Tour at the Venice Biennale with Swatch, main sponsor 2019 – The four most exciting pavilions of this 58th edition!

This year with the Wakapedia team we had the opportunity to visit the The 58th International Art Exhibition, Venice Biennale  twice!

In May we focused on the off circuit and we talked about an art and design exhibition that particularly fascinated us at Ca ‘D’Oro (the article on Dysfunctional HERE), and in September we returned at the invitation of Swatch Italia, the main sponsor of this 58th edition of the Biennale, to enjoy the national pavilions more carefully. But you may be wondering: why is Swatch, the Swiss watch brand, sponsoring the most important international contemporary art exhibition?

Since its inception in 1983, Swatch has “flirted” with the art world, collaborating with numerous artists to create unique models and original graphics. In 2010 this desire of the brand to support contemporary artistic creation advanced to the next level when it opened the Swatch Art Peace Hotel, which is an artistic residence in the heart of Shanghai; artists from all over the world and from all disciplines are welcomed between 3 and 6 months to conceive a work of art, individual or collective, which will then enter the Swatch art collection and can be presented in exhibitions around the world.

Swatch has a space dedicated to the Venice Biennale, where it exhibits the works – very colorful and super Pop – of some artists who lived at the Art Peace Hotel. Really a good initiative that, let’s face it, made us want to send a Wakapedia candidacy to Swatch … surely, we’ll do it one day!!

But let’s talk about the Biennale again. If you have not yet visited this 58th edition, edited by the English Ralph Rugoff, you have  until November 24th.

The exhibition is divided between the Central Pavilion at the Giardini and the Arsenale which includes 79 participants from all over the world this year. The title of this edition is May You Live in Interesting Times, a somewhat enigmatic expression that can have multiple levels of reading: on the one hand, it refers to an expression of the English language long erroneously attributed to an ancient Chinese saying. This interpretation reveals one of the fil rouge of the edition, namely the impact of fake news and over-information in our lives. On the other hand, the phrase sounds like a threat rather than a wish where “interesting times” are to be understood as turbulent periods of uncertainty and crisis – economic, migratory and climatic crises – such as those we are experiencing. Let’s face it, the theme is not one of the most popular, and as you walk through the different pavilions you can perceive a rather serious atmosphere in which the proposed works induce the spectators to reflect on the contradictions and the drift of the current society.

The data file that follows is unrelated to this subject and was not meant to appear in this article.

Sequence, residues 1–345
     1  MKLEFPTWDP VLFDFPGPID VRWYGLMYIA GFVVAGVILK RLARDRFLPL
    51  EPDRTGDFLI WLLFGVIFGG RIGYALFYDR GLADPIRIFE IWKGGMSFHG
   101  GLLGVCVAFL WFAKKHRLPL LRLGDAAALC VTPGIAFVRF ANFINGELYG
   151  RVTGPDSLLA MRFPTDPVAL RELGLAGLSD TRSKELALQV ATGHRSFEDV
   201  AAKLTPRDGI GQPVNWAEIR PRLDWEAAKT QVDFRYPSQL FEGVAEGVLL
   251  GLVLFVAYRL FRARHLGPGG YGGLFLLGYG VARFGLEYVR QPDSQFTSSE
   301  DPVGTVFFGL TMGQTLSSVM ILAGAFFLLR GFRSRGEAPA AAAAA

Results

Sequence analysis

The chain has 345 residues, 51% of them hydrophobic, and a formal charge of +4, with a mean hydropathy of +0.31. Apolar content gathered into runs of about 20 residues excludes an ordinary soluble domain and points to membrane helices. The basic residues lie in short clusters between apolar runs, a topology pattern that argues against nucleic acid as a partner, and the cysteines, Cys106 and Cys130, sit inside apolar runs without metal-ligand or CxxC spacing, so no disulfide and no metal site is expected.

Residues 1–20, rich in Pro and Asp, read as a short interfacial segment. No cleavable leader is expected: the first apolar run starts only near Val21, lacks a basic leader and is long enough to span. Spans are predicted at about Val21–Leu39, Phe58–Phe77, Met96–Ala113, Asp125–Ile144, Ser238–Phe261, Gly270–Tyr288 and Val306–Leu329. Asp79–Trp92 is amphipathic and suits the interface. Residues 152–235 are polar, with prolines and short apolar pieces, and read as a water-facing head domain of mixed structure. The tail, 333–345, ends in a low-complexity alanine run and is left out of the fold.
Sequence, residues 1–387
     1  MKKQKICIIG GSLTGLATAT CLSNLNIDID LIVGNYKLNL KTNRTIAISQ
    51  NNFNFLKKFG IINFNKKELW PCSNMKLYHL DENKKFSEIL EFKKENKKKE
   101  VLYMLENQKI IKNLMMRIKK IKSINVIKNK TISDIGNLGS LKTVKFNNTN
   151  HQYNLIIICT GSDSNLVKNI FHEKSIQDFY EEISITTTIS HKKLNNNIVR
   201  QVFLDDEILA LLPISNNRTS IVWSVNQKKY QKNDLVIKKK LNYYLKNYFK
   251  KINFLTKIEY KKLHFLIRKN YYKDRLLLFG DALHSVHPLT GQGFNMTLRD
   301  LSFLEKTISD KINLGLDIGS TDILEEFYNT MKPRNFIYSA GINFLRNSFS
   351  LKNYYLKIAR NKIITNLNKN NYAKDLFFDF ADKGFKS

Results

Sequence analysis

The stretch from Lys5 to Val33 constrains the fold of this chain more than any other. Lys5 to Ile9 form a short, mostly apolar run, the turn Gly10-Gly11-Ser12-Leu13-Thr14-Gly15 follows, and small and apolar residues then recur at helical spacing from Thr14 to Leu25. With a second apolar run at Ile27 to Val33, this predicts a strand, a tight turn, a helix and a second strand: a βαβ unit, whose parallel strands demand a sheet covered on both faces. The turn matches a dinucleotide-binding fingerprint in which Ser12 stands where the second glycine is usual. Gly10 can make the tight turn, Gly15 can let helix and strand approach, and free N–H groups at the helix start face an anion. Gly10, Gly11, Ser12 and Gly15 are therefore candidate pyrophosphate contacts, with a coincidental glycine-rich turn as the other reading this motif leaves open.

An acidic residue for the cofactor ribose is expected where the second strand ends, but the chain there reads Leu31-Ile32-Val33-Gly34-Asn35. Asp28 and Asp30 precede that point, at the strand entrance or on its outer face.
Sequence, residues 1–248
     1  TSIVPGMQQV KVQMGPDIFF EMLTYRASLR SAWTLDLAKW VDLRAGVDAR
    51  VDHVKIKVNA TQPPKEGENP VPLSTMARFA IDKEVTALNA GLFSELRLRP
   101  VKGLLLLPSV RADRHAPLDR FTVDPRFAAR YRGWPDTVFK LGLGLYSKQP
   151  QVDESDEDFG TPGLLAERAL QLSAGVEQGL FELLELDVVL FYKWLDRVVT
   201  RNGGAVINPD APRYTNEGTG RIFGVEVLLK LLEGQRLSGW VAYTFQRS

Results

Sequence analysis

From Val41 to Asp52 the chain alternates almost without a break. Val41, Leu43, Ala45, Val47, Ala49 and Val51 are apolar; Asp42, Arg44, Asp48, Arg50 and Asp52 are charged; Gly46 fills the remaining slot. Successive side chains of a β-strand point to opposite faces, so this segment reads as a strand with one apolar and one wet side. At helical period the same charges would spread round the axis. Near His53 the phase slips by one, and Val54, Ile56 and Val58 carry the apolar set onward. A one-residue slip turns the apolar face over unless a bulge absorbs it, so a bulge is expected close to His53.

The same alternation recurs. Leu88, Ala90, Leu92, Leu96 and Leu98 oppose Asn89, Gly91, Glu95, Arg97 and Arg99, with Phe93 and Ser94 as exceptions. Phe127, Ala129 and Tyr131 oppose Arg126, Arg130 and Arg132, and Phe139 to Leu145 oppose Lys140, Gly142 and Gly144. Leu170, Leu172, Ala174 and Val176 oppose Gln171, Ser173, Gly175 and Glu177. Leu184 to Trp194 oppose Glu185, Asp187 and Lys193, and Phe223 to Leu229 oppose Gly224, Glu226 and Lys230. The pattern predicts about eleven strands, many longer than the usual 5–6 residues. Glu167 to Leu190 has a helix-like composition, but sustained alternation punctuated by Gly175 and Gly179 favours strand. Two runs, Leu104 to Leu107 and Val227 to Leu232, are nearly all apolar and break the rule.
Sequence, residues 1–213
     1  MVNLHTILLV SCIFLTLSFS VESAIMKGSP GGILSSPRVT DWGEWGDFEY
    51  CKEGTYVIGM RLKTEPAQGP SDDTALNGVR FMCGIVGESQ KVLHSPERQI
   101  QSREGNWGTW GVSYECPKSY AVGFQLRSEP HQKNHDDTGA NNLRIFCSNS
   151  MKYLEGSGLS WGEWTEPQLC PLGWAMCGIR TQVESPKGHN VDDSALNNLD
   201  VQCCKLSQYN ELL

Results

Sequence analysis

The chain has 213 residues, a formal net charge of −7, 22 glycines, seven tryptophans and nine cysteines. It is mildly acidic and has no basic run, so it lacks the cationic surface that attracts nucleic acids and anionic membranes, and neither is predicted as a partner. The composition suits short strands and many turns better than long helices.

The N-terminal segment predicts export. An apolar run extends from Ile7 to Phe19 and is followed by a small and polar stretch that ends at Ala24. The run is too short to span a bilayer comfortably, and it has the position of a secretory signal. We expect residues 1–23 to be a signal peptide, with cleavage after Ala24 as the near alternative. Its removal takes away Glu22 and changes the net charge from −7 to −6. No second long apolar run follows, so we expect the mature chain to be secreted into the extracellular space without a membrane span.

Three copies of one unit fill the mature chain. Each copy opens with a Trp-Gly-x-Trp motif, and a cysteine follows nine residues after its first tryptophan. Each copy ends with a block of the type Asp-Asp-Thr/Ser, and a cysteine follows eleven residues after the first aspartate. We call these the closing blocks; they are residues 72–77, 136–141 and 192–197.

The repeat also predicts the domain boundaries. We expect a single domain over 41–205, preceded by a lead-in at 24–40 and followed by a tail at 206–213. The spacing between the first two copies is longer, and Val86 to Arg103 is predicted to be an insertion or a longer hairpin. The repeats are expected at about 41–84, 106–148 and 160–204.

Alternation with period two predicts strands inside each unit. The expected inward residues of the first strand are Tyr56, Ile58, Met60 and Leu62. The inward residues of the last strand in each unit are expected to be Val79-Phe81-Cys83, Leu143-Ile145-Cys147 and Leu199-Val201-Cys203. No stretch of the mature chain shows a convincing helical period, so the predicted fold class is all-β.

That said, the Biennale is always a stimulating experience and there are many pavilions that have intrigued us. Four in particular really impressed us, leaving us with a vivid memory of emotion, amazement or disturbance.

So here is our very personal Wakapedia top 4 of the pavilions that excited us the most!(Warning: Do not put your heels on during the biennial visit because you will walk as if there were no tomorrow!)

1. The emotion of a choir on the beach – Lithuanian Pavilion

The pavilion that moved us the most was undoubtedly the one in Lithuania and we should not be the only ones to think that since it was the winner of the Golden Lion for the best national participation! The work presented is Sun & Sea by the artists Lina Lapelyte, Vaiva Grainyte and Rugile Barzdžiukaitė. It is a fake beach, set up on the ground floor of a warehouse near the Arsenale, where twice a week there is an 8-hour performance that the public can see from the upper floor. Figures move on the beach like normal bathers: they play, sunbathe, take a siesta … But unlike a real beach, here in the background there are contemporary opera music on which the figurants (who we all discover are professionals  singers) sing their stories. The result is an extremely exciting choral portrait.

On the day of our visit, thanks to Swatch, we had the incredibly good fortune to meet one of the artists at the origin of this colossal work: the director Rugile Barzdžiukaitė. Gentle look, big smile, Rugile invites us to sit in a quiet space behind the pavilion, where two sun loungers and an umbrella turned upside down looked like an extension of the fictitious beach we had just seen in her work.

Rugile tells us that she is in Venice with her son, a 7-year-old boy who participates in the performance on the beach, singing with the figurants, playing racket and having fun as if he were really on vacation. And he got so used to it here that when he goes to a normal beach, he asks her “Mom, why don’t people sing?”

Rugile then explains the genesis of the project: “With Lina Lapelyte (composer and artist) and Vaiva Grainyte (writer and poet) we said that we wanted to do another work together after the great success of Have a good day, a theatrical performance on an international tour already a few years ago, we had a brainstorming and the initial idea was to create a performance that explored the theme of the human body, with its flaws, its weaknesses and its mortality, so we chose the beach because it is the place par excellence where the body is exposed with all its fragility, we then set about working on the lyrics of the songs, the choice of music and we decided to integrate a reflection on climate change and the ecological crisis to the performance, a another issue we have at heart, but we wanted to do it subtly and almost imperceptibly “(it is found for example in the sound of a plastic bag shaken by the wind that is heard in the background music, ed).